Truly, these are magical times. We can store music in clouds, discover new, life-supporting planets and, here on Earth, we can marvel as a simple movie about a vampire eating a newborn baby out of a womb can charm and bewitch a nation. So, in light of this, you’d think we’d have a better way to calculate television ratings by now. But no: while Google knows what you had for dinner last night the Nielsen company still relies on hardware lifted from the Knight Rider set to track the nation’s viewing habits. Even worse, the most important time of the year for the networks, the quarterly “sweeps” period that can make or break shows (not to mention corporate bottom lines), casts a wider net by going even more old-school: during November, February, May and July the company collects hand-written paper diaries from pre-selected households. That’s right: paper diaries. Not even the earnest dullards of Terra Nova went that far back in time. But the fact remains: the ratings fate of Community is being decided the same way your baby sister decides which boys are cute enough to invite to her sweet sixteen party. (“Dear Diary, NCIS: Los Angeles took a real hit in the core 18-49 year old demo last night. Totally uncool. XOXO! Nielsen Girl.”)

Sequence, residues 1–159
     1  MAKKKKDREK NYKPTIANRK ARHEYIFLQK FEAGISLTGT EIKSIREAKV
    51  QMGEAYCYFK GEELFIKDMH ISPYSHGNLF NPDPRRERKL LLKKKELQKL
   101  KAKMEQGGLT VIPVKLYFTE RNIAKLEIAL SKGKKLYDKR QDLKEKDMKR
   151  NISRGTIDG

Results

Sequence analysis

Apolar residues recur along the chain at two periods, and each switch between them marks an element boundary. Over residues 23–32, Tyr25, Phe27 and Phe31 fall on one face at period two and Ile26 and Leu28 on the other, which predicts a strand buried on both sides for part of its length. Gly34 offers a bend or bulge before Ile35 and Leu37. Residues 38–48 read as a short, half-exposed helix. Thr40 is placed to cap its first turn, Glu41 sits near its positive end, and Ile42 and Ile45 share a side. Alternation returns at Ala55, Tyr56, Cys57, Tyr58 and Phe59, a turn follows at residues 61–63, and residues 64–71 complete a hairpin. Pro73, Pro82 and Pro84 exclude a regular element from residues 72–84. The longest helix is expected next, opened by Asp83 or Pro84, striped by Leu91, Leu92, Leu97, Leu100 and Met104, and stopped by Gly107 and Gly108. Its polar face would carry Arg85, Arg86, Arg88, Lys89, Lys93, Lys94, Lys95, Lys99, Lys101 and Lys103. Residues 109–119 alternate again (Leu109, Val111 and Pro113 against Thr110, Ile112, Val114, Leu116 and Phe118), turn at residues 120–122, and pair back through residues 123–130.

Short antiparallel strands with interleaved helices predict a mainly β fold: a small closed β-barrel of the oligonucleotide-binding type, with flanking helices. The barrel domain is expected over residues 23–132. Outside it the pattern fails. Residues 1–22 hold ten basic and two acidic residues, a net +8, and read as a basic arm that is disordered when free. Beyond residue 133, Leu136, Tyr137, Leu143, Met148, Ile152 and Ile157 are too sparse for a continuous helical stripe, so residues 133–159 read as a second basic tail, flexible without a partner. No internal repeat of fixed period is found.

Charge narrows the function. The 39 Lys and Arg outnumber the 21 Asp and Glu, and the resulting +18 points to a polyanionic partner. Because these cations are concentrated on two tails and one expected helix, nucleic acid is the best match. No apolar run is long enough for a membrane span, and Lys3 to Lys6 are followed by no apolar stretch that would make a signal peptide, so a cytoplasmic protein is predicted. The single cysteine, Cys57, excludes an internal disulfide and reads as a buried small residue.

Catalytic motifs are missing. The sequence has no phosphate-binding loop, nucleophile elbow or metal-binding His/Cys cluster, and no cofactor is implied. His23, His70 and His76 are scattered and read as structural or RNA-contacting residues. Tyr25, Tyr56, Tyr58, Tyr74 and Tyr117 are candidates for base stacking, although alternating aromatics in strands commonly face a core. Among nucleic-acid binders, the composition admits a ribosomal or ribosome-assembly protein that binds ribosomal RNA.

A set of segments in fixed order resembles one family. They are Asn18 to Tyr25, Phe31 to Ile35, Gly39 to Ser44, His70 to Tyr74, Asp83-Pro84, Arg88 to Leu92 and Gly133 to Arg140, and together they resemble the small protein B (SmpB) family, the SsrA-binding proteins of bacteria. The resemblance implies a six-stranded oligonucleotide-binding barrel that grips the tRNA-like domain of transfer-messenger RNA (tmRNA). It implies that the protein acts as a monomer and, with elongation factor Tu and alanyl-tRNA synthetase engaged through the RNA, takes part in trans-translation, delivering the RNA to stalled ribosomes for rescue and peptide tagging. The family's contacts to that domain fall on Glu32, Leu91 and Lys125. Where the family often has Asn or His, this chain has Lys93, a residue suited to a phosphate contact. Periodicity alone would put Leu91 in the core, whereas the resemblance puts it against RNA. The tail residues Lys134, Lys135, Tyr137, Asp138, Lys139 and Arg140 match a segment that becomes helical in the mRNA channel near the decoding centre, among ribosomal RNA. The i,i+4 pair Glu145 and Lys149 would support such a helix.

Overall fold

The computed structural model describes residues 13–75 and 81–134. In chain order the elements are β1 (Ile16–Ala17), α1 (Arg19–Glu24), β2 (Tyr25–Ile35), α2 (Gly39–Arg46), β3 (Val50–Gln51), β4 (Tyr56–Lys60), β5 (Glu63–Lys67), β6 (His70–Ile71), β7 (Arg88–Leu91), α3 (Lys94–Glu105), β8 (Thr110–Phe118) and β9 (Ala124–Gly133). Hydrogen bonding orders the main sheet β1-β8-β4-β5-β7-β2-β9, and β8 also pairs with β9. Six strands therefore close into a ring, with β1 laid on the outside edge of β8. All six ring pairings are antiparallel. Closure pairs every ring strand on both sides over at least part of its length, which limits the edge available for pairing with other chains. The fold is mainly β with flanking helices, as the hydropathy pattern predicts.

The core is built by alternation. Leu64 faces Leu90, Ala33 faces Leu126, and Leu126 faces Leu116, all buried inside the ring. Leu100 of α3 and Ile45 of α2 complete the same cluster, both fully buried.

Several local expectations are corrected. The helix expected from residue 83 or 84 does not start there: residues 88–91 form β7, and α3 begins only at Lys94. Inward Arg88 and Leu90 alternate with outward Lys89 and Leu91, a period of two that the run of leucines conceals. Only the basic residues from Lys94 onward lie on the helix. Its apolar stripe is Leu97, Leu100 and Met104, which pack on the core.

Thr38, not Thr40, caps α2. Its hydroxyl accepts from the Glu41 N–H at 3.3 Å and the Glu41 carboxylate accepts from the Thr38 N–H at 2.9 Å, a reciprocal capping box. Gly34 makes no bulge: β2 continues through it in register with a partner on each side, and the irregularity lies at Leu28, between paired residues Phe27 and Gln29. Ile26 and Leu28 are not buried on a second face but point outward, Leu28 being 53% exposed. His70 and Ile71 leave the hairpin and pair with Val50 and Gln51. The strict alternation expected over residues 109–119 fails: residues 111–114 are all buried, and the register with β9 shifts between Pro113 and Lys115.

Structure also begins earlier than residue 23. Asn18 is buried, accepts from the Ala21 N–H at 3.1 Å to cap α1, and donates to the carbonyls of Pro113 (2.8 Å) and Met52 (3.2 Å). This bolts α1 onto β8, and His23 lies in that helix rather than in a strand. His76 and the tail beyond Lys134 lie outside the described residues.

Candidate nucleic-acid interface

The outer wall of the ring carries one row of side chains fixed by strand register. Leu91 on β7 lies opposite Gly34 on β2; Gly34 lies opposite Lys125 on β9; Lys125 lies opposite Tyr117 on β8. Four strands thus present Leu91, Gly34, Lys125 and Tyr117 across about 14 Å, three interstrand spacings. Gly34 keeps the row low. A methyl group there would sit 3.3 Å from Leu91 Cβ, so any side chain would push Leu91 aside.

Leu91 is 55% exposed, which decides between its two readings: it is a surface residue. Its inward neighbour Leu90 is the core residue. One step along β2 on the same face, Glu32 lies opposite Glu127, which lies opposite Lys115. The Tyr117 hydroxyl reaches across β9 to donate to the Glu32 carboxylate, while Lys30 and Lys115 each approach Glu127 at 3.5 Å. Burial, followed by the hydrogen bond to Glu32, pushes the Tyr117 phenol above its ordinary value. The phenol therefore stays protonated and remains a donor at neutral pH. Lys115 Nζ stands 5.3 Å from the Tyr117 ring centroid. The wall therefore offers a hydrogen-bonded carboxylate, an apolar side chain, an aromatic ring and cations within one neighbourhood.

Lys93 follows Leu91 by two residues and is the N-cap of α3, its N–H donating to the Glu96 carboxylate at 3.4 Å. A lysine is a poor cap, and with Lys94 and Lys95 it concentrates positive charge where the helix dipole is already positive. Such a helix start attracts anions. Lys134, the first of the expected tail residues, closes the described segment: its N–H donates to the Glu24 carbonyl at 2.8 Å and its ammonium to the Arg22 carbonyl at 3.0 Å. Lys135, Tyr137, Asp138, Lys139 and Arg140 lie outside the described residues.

Old Tom Eliot had it wrong: April isn’t the cruelest month, it’s October. As the final blasts of the shofar fade into memory, television’s brightest hopes find themselves adrift in an unfamiliar landscape, dotted with returning giants and buffeted by the cruel winds of fate, audience indifference, and the dreaded over-run of NFL games. And after a sleepy start, this month the 2011 TV season has finally started to stack bodies like Chris and Snoop let loose in an abandoned tenement. First fell The Playboy Club, the victim of a brutal, boring high-heel to the throat. Then Free Agents was sacked and How to Be a Gentlemanlost its duel at ten paces (and two episodes). At the end of the day on Friday, Charlie’s Angels was mercifully dispatched to the afterlife. It’s unclear what’s more damning to the networks: that all four of these heavily hyped newcomers were knocked off before Halloween or that there most likely won’t be a single soul who misses them. (I’m beset by visions of NBC boss Bob Greenblatt trapped in his office, drowning in an avalanche of mailed-in bunny tails like so many low-rent, porny tribbles. I’d make a joke about similar save-our-show campaigns for the other recently deceased but I honestly can’t think of a single memorable moment from any of them.)